Scope and syllabus

Course Units
Unit 1: Introduction to Corporate Governance
  • 1.1 Introduction
  • 1.2 Approaches to Corporate Governance
  • 1.3 The Evolution of Corporate Structure
  • 1.4 Corporate Governance, Capital Formation, Corporate Finance and Economic Growth
  • 1.5 Concluding Remarks
  • References and Websites
Unit 2: Theory of the Firm
  • 2.1 Competition and Cooperation
  • 2.2 Market Contracting Costs vs Ownership Costs
  • 2.3 Recent Unconventional Developments
  • 2.4 More on Complementary Perspectives
  • 2.5 Concluding Remarks
  • References
Unit 3: Corporate Governance and the Role of Law
  • 3.1 The Basic Question in the Debate
  • 3.2 Competing Explanations
  • 3.3 The Recent Rise of Equity Culture in the EU
  • 3.4 A Historical Perspective
  • 3.5 The Implications of the Global Financial Crisis: The Case of Hong Kong
  • 3.6 Implications for Transition and Developing Economies
  • References and Websites
Unit 4: Corporate Governance Around the World
  • 4.1 A Framework for Comparison
  • 4.2 Equity Market-based System vs Bank-led System
  • 4.3 Family-based Corporate Governance in Asia
  • 4.4 The Pyramid Structure and the Internal Capital Market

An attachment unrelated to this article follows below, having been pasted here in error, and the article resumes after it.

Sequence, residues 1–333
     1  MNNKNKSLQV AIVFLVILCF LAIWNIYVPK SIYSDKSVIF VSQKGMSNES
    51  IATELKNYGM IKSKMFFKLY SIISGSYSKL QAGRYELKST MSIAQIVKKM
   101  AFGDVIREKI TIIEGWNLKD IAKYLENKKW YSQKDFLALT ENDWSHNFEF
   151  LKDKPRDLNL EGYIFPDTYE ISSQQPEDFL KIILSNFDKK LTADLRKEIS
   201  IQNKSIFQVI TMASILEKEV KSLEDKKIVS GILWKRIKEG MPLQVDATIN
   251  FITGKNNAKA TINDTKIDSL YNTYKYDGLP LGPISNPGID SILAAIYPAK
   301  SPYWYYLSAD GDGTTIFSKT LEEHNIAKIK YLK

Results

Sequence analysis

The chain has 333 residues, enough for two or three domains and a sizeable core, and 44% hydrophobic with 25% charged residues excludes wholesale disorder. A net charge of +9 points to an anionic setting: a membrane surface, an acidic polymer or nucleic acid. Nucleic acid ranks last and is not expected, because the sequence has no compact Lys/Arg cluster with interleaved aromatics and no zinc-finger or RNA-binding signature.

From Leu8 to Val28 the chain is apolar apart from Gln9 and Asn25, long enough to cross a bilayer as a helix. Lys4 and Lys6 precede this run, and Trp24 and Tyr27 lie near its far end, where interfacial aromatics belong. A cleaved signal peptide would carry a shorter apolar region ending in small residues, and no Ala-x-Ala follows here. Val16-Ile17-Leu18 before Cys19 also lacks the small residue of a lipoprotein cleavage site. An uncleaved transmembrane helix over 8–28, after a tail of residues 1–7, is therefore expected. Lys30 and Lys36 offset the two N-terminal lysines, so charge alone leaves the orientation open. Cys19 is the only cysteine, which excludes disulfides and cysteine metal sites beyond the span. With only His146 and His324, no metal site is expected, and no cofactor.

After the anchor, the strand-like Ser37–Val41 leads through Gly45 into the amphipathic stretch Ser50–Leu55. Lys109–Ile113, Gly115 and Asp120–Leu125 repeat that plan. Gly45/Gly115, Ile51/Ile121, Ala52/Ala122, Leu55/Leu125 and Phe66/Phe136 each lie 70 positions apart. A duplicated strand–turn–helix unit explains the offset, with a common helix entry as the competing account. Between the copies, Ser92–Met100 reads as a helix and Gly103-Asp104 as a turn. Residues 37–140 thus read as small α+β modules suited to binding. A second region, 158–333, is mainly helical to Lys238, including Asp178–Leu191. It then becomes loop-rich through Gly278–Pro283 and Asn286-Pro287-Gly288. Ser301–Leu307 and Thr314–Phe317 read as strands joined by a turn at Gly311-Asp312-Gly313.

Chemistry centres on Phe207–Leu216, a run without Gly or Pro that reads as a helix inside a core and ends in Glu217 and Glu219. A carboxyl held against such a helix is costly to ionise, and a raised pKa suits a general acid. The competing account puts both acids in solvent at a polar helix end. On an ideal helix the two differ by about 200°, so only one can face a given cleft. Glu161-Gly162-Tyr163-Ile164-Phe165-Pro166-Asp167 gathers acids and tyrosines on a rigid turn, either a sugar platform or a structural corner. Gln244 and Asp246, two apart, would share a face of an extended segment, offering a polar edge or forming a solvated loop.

• 4.5 Concluding Remarks
  • References and Websites
Unit 5: Board Composition and Control
  • 5.1 Board Composition and Control: Practical and Theoretical Trade-offs
  • 5.2 The Typical Anglo-American Board: Past and Present
  • 5.3 The Legal Framework Governing the Board
  • 5.4 The Board Management Relationship in Reality
  • 5.5 Director Selection
  • 5.7 Concluding Remarks
  • References and Websites
Unit 6: CEO Compensation
  • 6.1 Introduction: Major Challenges Faced by CEOs
  • 6.2 Why CEOs Fail
  • 6.3 An 'Ideal' CEO
  • 6.4 CEO Compensation and Employment Contract
  • 6.5 Stock Options
  • 6.6 Case Study: General Electric
  • 6.7 Concluding Remarks
  • References and Websites
Unit 7: International Governance
  • 7.1 Corporate Governance has Gone Global
  • 7.2 Why Do Companies List Abroad?
  • 7.3 Crisis-Driven Reforms in Emerging Markets
  • 7.4 Reforms in the Developed World
  • 7.5 The Case of Daimler Chrysler
  • 7.6 Concluding Remarks
  • References and Websites
Unit 8: Overview of Corporate Governance Codes
  • 8.1 The OECD Principles (1999-2004)
  • 8.2 The International Corporate Governance Network (ICGN) Principles
  • 8.3 Other Leading International Codes
  • 8.4 Reports on the Observance of Standards and Codes
  • 8.5 Concluding Remarks
  • References and Websites

Method of assessment

You will complete two assignments, which will be marked by your course tutor. Assignments are each worth 15% of your total mark. You will be expected to submit your first assignment by the Tuesday of Week 5, and the second assignment at the end of the course, on the Tuesday after Week 8. Assignments are submitted and feedback given online. In addition, queries and problems can be answered through the Online Study Centre. You will also sit a three-hour examination on a specified date in October, worth 70% of your total mark. An up-to-date timetable of examinations is published in April of each year.